Uzbekistan is a double landlocked country in Asia – it requires the crossing of at least two national borders to reach a coastline!Its capital, Tashkent, has a multi-ethnic population, with the majority ethnic Uzbeks. In this fact file, we’ve prepared some interesting facts about Uzbekistan, a country at the crossroads of the world’s cultures, that’ll give you an insight into its past and present…
1. Who conquered Uzbekistan?
In 329 B.C, Alexander the Great occupied Uzbekistan by seizing Samarkand.
With a history of over 2,500 years, the historic city and UNESCO World Heritage Site of Samarkand is known as the crossroad and centre of the world’s cultures.
2. Head to the centre square for some amazing history.
The Registan Mosque, a central square lined by ornately tiled, mosaic-clad madrassas is ancient’s Samarkand’s most famous site.
3. There’s a Silk Road here.
Uzbekistan’s Silk Road sites include Samarkand, Shakhrisyabz, Bukhara, and Itchan Kala.
Flag of Uzbekistan
4. Islam has been part of the country since the 600s.
Arabs occupied Uzbekistan and converted its population to Islam during the 7th and 8th Centuries.
5. Uzbekistan was a conquest of Genghis Khan.
Uzbekistan was seized by Genghis Khan and was incorporated into the Mongol empire, during the 13th and 14th Century.
6. However, it was also a Russian conquest.
For nearly 200 years, Uzbekistan was ruled by Russia, as part of the Russian Empire, and then the Soviet Union.
7. Eventually, the country became independent.
Uzbekistan gained its independence on the 31st of August, 1991.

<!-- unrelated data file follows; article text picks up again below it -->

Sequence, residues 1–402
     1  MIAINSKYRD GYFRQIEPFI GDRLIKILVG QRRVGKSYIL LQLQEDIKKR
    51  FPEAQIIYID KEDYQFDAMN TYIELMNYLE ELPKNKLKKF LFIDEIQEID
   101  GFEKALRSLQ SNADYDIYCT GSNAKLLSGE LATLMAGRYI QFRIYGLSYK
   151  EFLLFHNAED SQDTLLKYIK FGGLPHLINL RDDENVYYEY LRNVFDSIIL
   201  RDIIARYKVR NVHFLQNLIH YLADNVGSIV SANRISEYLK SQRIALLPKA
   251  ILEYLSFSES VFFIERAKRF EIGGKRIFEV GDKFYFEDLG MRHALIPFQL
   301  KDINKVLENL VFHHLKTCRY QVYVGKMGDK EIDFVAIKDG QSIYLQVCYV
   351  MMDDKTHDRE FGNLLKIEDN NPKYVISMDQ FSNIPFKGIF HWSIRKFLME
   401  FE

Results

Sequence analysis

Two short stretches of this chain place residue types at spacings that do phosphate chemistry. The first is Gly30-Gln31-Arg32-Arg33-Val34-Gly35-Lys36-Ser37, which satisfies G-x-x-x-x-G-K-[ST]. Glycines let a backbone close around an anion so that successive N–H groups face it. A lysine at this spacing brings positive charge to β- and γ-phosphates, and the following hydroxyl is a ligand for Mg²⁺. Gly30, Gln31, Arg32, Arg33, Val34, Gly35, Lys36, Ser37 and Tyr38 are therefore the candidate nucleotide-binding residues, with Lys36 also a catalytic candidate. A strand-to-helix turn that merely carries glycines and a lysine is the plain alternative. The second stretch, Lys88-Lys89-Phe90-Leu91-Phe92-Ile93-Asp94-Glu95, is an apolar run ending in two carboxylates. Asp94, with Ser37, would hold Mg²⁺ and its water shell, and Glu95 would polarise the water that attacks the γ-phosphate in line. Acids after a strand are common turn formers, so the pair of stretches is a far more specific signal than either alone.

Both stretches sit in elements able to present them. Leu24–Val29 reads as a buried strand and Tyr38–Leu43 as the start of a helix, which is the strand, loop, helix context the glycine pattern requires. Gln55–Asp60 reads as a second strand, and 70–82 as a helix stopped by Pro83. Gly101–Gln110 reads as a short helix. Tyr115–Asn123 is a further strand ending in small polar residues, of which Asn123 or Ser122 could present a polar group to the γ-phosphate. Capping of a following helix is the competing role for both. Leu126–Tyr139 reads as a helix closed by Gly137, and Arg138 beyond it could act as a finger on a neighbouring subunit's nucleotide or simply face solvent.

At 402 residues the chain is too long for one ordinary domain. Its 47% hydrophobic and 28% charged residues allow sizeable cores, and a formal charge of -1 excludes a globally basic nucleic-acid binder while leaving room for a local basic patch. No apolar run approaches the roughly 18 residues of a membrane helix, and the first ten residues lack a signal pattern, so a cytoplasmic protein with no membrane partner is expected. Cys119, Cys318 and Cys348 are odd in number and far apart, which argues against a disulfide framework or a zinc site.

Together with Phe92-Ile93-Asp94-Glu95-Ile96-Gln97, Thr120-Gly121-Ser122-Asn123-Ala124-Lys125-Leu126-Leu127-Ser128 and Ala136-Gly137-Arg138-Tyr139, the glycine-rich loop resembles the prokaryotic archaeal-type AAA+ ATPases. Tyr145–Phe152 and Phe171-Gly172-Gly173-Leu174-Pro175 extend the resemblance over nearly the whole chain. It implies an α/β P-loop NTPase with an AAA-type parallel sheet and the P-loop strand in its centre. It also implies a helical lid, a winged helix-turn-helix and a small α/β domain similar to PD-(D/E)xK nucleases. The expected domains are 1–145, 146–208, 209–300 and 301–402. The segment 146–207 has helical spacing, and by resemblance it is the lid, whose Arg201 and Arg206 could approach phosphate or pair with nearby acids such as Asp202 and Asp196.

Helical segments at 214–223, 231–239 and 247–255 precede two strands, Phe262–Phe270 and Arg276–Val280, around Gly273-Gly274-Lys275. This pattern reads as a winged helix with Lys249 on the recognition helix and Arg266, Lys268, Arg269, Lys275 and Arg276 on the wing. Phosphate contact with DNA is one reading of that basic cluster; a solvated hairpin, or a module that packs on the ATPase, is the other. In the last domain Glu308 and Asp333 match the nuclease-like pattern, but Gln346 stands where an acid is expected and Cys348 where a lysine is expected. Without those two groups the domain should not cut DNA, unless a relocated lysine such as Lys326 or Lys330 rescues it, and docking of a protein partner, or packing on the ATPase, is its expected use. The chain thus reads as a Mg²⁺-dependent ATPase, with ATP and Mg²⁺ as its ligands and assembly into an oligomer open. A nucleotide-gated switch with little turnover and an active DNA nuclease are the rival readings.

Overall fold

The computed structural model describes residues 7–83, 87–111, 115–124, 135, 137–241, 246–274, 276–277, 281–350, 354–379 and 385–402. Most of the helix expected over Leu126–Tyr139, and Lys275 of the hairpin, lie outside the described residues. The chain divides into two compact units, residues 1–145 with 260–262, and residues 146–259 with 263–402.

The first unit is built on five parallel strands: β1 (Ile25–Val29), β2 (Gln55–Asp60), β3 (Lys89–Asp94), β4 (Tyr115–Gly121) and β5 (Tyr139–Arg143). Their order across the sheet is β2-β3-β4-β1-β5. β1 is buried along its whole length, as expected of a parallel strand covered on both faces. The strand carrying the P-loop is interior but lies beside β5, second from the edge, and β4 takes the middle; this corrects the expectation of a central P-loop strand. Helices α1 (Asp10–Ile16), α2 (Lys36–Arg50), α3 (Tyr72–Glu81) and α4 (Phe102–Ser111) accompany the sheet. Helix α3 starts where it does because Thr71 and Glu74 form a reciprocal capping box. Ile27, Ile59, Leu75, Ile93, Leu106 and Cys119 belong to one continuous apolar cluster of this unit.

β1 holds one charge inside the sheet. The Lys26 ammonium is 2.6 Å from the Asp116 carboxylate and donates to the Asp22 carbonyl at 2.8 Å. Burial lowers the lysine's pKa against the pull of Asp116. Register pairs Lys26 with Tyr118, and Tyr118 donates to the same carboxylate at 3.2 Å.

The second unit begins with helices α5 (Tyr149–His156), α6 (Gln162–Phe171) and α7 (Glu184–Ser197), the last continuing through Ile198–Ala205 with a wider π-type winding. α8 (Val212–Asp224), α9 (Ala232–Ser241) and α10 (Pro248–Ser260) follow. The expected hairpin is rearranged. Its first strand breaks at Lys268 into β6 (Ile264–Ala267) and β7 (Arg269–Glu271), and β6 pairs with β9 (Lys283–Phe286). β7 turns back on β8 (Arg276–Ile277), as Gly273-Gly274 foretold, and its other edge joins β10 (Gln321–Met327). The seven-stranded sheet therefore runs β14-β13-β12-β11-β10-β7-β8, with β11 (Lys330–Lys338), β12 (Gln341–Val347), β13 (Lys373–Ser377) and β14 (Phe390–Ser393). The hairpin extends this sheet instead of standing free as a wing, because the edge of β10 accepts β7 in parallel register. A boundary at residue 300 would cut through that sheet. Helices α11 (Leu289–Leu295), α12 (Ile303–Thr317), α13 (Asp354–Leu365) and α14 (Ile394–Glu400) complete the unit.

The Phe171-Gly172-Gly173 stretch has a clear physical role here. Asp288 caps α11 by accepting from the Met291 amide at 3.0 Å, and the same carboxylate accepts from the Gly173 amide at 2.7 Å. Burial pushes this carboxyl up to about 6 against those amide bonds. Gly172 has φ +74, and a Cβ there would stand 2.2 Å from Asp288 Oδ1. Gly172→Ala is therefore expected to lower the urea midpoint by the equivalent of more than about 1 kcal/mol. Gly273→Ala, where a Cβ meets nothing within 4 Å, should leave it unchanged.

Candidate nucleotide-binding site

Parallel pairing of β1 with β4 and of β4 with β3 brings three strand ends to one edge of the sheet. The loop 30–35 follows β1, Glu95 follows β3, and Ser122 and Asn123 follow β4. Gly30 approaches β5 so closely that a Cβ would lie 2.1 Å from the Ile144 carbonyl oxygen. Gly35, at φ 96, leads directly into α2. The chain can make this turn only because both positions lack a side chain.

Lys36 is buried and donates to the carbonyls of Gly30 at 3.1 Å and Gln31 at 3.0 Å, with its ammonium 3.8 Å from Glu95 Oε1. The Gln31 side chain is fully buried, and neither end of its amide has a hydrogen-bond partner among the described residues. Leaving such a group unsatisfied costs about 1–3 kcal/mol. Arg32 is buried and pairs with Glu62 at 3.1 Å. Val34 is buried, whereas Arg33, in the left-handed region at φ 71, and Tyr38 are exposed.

September 1st is Uzbekistan’s national holiday, when the country’s independence is celebrated.
8. It’s had different names.
Uzbekistan was known as the Uzbek Soviet Socialist Republic, during its time as a republic of the USSR from 1924 to 1991.
9. But what does the original name mean?
The name Uzbekistan is a mixture of the Turkic words “uz” (self) and “bek” (master) and the Persian suffix “-stan” (country), meaning the “Land of the Free”.
Tashkent Mosque, Uzbekistan
10. Uzbekistan recently had a ruler who took the helm for 27 years.
Islam Karimov, the authoritarian President ruled the country from 1989 until he died in 2016.
11. There were once pyramids here!
History fans will be intrigued to learn that in 2002, archaeologists discovered a series of ancient pyramids in a remote part of Uzbekistan, believed to be 2,700 years old!
12. It’s been the site of an earthquake or two.
In 1966 Tashkent was hit by a 7.5 magnitude earthquake leaving hundreds of thousands of people homeless.
13. Where is Uzbekistan?
Uzbekistan is a landlocked country in Central Asia. It is bordered by Kazakhstan to the north, Kyrgyzstan to the northeast, Tajikistan to the southeast, Afghanistan to the south and Turkmenistan to the southwest.
14. It has a unique status.
Uzbekistan is one of only two countries in the world to be ‘double landlocked’ (landlocked and totally surrounded by other landlocked countries). Liechtenstein is double landlocked by 2 countries whilst Uzbekistan is surrounded by 5!
15. Want to find Uzbekistan?
The coordinates for Uzbekistan are 41.0000° N, 69.0000°